Review: The Lady in the Van

Maggie Smith in The Lady in the Van

The Lady in the Van is a sweet comedy starring Maggie Smith as the lady in question and Alex Jennings as Alan Bennett and Alan Bennett. Alan Bennett is the real life playwright whose existence was invaded by a mysterious and eccentric lady in a van for 15 years. Alan talked to himself, hence Alex Jennings plays him twice.

My short review of the film is this: yet another life ruined by the Catholic Church.

Mary, or Margaret, or whatever her name is, comes to stay a few weeks and stays for 15 years. She doesn’t reveal her real name. Most of the things she says are mysterious and seemingly nonsense. As the story unfolds things begin to add up. Mary begins to make sense, to tell a story that tracks. It’s slow in coming out.

The story involves accidental deaths, piano playing, music condemned by the nuns as against God, prayers, penance, ambulance driving in France, concerts, transcendence, ascension, and absolution that doesn’t stick. Not necessarily in that order.

When you’re as old as Mary (or Margaret) you have time to get through a lot of things in life.

As the story unfolds, you see how misused and misunderstood Mary was. By her family, by her church, by her friends. The saddest part was she found great, creative inspiration in the keys of a piano and she was denied the pleasure of making music with them. The best part was when Mary got her hands on a piano again. She turned into a glowing, beautiful being.

Alan is dealing with his aging mother and her slow decline into dementia. This story runs parallel to Alan’s telling us about the old lady in the van.

Alan’s also dealing with a parade of young men who come to the house late at night. Mary thinks they are communists because they only appear at night. When Alan finally finds a man who is going to stick around, he stops talking to himself and reverts to being but a single version of himself. This happens at about the same time that Mary breathes her last.

I normally enjoy seeing actors create multiple versions of themselves in the same moment on the screen. I was put off by the way it worked in Alan Bennett’s case. It was Alan’s internal conversation, rather than a totally different person. By the middle of the movie I’d finally accepted it, but it annoyed me for a long time.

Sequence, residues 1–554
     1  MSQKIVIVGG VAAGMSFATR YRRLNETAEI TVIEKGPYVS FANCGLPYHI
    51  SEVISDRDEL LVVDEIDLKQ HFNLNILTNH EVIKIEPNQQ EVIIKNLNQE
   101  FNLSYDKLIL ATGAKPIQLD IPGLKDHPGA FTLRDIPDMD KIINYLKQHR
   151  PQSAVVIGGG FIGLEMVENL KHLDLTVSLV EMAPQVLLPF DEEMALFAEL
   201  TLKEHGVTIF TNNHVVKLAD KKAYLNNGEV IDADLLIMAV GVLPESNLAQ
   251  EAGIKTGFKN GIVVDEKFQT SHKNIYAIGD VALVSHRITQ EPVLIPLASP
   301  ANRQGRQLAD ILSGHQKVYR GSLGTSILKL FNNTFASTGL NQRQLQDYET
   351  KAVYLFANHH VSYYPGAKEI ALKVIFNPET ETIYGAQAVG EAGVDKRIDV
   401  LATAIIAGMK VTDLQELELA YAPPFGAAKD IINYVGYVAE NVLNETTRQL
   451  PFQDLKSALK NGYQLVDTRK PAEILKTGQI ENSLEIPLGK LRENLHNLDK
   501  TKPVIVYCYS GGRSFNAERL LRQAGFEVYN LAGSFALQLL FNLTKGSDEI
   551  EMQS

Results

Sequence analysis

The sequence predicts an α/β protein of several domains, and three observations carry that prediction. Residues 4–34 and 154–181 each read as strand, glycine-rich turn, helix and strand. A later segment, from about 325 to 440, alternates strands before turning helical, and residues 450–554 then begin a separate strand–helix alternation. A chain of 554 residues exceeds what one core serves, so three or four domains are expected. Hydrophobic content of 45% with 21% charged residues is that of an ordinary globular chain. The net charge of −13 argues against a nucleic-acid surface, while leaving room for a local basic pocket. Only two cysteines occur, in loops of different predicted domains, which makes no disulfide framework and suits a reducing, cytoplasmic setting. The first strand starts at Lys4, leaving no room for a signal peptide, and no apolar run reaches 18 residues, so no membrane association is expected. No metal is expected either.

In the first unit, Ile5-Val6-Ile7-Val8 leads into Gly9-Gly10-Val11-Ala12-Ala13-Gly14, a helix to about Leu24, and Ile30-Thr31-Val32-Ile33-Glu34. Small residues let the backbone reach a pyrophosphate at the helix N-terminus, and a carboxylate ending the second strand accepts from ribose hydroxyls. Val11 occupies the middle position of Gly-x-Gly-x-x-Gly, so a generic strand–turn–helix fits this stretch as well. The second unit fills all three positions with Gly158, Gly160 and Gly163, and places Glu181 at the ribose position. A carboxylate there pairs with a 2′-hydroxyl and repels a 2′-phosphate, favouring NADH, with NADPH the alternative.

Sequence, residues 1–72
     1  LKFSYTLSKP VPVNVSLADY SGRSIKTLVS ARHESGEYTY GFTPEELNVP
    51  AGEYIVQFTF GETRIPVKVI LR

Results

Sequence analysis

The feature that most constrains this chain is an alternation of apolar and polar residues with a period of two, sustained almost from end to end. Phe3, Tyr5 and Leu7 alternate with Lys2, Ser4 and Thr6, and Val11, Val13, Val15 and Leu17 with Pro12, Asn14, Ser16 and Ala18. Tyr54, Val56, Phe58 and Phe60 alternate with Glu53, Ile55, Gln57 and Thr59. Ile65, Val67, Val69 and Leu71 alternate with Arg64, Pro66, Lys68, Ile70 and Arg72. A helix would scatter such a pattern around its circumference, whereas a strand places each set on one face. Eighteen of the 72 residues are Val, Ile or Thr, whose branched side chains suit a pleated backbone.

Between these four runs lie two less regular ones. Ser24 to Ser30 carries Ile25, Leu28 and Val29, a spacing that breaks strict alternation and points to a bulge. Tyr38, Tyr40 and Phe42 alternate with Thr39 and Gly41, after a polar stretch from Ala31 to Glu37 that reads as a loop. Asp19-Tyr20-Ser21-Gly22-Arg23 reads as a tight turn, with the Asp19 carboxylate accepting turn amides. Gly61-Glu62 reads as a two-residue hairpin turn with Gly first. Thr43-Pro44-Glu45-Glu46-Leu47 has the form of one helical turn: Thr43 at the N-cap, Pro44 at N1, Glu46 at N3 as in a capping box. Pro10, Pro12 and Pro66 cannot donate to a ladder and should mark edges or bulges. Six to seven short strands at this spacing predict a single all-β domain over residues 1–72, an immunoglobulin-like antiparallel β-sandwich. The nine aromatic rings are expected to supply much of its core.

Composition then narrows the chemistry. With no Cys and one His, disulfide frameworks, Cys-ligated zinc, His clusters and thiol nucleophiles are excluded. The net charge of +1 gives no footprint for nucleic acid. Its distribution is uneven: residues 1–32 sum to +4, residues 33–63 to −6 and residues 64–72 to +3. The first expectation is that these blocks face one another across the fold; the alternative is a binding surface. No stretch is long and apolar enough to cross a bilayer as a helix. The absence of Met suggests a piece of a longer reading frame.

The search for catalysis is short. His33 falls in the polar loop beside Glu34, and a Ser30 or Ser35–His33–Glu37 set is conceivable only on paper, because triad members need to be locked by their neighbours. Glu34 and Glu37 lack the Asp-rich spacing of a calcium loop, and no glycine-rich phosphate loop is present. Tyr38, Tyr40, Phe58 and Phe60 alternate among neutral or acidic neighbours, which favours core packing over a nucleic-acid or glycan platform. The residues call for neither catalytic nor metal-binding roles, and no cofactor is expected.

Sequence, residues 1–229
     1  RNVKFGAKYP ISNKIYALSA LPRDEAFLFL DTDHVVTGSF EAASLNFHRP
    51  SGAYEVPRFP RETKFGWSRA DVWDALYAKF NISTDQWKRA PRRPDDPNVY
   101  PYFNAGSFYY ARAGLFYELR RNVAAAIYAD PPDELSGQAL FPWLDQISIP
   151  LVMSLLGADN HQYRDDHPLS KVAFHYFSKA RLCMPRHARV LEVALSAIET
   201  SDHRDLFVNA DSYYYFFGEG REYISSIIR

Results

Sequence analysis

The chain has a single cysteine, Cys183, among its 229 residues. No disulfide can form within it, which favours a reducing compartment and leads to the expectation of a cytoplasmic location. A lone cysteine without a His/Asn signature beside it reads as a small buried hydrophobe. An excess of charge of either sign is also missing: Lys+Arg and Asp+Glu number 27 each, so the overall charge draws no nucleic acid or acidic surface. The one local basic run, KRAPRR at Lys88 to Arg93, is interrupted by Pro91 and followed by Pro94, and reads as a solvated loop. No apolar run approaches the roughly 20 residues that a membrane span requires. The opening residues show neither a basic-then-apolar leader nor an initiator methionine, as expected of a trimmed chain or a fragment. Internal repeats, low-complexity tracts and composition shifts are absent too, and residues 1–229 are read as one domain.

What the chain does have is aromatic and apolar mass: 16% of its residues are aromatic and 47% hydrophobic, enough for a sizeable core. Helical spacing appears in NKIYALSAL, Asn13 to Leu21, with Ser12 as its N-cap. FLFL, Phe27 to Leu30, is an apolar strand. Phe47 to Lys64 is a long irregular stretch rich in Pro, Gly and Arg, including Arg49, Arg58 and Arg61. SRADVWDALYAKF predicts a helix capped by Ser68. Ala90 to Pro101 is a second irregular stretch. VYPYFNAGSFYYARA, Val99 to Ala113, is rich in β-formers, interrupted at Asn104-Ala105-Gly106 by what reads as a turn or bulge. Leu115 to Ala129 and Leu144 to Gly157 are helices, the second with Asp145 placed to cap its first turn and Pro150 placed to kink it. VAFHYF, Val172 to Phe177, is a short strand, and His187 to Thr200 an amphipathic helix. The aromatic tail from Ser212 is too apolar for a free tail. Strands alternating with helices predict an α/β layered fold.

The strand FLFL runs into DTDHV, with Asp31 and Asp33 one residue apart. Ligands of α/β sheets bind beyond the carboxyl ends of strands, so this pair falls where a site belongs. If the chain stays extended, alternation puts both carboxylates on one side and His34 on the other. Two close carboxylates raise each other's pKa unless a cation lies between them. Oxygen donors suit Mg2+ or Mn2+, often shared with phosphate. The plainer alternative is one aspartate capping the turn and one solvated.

The humor kicked in for me about mid-way though the film. Several scenes made me chuckle. It wasn’t a big guffaw kind of humor, but there was humor. It took that long for enough of Mary’s story to be revealed so that it jelled into humor.

Maggie Smith is always the best thing in any film she’s in, and The Lady in the Van was no exception. Her performance was perfection.

A few other actors who did turns as neighbors, doctors, alleged communists, and family include Jim Broadbent, Dominic Cooper, Frances de la Tour, Gwen Taylor, and Sacha Dhawan. It was a surprisingly large cast, so I’m sorry if I left out your favorite name from among the supporting actors.

Have you seen The Lady in the Van? I’d love to hear what you thought about it.

5 thoughts on “Review: The Lady in the Van”

  1. As well as the acting, I loved the quality of the dialogue, reminded me of how fabulous dialogue can be! Thanks very much for pointing out that this was yet another life ruined by the Catholic church; that’s a genre, I reckon!

  2. Pingback: So Many Great Foreign Films and TV in English - Old Ain't Dead

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